General and Historical Geology group
Lectures, tutorials, and field courses in the research group focus on the near-surface processes that shape our planet and the evolution of the Earth since its formation. In doing so, we provide students with an in-depth understanding of the processes that distribute sediment on the surface of the Earth, the Earth's historical evolution recorded in sediments and sedimentary rocks, the interaction of tectonics and sedimentary basins, and their economic importance as reservoirs for oil and natural gas. Most of our studies span many scales and therefore combine instruments from microscopes to satellites. Students in our group acquire theoretical foundations and practical skills for professional practice, e.g. in the hydrocarbon industry or engineering offices, and for scientific work at geoscientific institutions and universities.
In addition to bachelor's and master's education in geosciences, we participate in the bachelor's and master's program in biogeosciences, in the graduate school "Alteration and Element Mobilization at Microbial-Mineral Interfaces", and in minor education for other majors (including geography, biology, physics, prehistory and early history).
Our research is very diverse. We do both basic and applied research and conduct it on both large and small scales, depending on the problem at hand. Almost all of our studies have in common that geologic field work usually forms the basis of our data. Long-term research interests in which the group has expertise include:
Regional facies analysis and provenance analysis (provenance) of sedimentary rocks as keys to continental tectonic and climatic processes, for paleogeographic reconstructions, and for petroleum reservoir characterization. Paleoecology and Quaternary climate variations based on micropaleontological analyses. History of early Earth as well as its life forms, with implications for the search for fossil or extant life on other planets (astrobiology). Interaction between the filling of sedimentary basins and surrounding mountain building.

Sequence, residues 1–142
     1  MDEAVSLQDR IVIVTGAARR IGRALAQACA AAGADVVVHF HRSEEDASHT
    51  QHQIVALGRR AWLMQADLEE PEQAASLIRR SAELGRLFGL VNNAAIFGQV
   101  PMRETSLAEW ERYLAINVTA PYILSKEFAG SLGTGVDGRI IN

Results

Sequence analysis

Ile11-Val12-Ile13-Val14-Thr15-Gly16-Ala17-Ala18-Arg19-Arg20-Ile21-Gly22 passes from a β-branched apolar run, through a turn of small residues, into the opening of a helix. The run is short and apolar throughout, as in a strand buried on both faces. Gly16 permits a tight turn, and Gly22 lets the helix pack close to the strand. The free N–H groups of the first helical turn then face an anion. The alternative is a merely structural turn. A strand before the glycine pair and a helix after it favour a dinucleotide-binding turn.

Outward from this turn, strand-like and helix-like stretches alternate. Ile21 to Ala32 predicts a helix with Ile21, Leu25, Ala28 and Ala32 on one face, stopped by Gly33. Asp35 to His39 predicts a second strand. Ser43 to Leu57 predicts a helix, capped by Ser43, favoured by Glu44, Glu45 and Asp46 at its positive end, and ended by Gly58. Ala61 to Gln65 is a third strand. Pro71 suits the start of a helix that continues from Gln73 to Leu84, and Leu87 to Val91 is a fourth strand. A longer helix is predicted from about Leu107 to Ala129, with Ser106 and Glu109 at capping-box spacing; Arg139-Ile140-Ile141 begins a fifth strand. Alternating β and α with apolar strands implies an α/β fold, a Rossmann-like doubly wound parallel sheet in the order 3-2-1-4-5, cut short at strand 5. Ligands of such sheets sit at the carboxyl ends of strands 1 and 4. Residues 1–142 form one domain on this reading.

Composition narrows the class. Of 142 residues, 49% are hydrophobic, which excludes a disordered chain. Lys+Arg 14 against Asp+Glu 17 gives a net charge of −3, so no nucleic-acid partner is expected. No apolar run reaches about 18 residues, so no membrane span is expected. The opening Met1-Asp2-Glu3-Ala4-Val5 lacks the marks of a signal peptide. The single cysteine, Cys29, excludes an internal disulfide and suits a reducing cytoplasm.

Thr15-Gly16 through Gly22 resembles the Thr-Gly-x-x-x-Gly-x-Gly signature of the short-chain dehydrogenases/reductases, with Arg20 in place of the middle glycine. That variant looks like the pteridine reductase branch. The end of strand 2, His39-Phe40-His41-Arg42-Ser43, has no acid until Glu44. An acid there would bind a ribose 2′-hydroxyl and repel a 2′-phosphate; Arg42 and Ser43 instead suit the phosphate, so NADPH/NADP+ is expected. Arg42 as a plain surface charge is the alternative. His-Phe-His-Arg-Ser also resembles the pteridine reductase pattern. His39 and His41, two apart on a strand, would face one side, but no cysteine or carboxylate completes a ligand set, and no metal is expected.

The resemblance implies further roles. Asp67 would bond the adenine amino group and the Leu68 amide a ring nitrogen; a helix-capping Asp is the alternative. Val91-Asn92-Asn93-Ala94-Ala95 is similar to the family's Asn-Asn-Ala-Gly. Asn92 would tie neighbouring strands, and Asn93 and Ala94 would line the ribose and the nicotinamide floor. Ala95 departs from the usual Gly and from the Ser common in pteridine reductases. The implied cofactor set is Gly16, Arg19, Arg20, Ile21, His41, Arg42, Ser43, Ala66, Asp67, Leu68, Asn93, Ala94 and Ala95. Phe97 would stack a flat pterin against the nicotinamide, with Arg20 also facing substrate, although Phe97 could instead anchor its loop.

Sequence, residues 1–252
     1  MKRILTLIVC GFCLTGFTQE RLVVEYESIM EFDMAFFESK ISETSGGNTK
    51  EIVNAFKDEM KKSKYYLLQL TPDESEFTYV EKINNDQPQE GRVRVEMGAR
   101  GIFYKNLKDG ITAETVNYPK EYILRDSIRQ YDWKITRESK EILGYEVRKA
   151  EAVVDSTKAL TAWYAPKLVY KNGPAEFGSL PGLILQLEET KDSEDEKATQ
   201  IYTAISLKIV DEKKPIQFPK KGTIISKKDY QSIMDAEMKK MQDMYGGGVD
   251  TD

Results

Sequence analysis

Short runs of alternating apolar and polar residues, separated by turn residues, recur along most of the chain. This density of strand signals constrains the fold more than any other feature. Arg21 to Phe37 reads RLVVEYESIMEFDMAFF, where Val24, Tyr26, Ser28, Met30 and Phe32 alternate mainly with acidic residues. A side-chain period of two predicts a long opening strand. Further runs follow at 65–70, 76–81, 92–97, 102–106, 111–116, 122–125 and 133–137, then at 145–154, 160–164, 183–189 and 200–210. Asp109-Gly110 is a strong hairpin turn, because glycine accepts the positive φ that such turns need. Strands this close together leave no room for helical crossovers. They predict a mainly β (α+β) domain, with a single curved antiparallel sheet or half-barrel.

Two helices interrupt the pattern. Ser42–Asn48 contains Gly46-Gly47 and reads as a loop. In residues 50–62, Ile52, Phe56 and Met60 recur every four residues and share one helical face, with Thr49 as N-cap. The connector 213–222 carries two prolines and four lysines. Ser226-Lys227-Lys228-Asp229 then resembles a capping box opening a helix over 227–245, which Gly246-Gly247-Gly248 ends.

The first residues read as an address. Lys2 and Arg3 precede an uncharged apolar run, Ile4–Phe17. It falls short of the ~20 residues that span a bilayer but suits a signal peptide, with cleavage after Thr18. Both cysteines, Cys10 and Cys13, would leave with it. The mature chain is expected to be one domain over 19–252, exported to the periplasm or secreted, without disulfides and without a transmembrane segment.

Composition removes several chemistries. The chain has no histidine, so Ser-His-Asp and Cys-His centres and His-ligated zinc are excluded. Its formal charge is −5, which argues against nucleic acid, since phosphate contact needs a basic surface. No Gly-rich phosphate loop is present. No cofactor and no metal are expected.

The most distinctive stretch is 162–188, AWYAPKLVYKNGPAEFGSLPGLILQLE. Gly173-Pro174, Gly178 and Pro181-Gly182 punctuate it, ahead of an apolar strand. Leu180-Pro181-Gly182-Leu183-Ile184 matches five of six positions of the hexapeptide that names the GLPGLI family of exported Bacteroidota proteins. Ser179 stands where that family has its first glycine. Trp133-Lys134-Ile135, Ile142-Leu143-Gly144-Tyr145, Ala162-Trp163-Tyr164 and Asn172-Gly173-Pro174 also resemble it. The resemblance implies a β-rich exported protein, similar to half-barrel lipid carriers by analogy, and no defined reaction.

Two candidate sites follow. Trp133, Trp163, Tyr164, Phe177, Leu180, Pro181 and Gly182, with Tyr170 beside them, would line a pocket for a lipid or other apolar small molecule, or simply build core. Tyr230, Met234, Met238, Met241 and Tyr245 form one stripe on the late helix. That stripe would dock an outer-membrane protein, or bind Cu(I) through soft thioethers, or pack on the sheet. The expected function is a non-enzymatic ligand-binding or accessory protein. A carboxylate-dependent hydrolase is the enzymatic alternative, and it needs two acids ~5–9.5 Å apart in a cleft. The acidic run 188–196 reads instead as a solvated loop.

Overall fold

The regional focus of our work is currently in South Africa (Early Earth, paleoecology) and Central Asia (Early Earth, tectonics, paleoecology). Regional projects we are involved in include the large-scale INFLUINS project and the Graduate Academy of the University of Jena. Our tools, just like our research focus, are diverse. Field work is as important to us as investigations on drill cores.
Rock and fossil samples are examined - depending on the research question - with a variety of laboratory methods. Outcrop mapping and polarized light microscopy are our standard tools, but we are also frequent users of techniques in the care of other groups, such as scanning electron microscopy, X-ray diffraction and fluorescence, and specialized mass spectrometers for absolute age dating of minerals.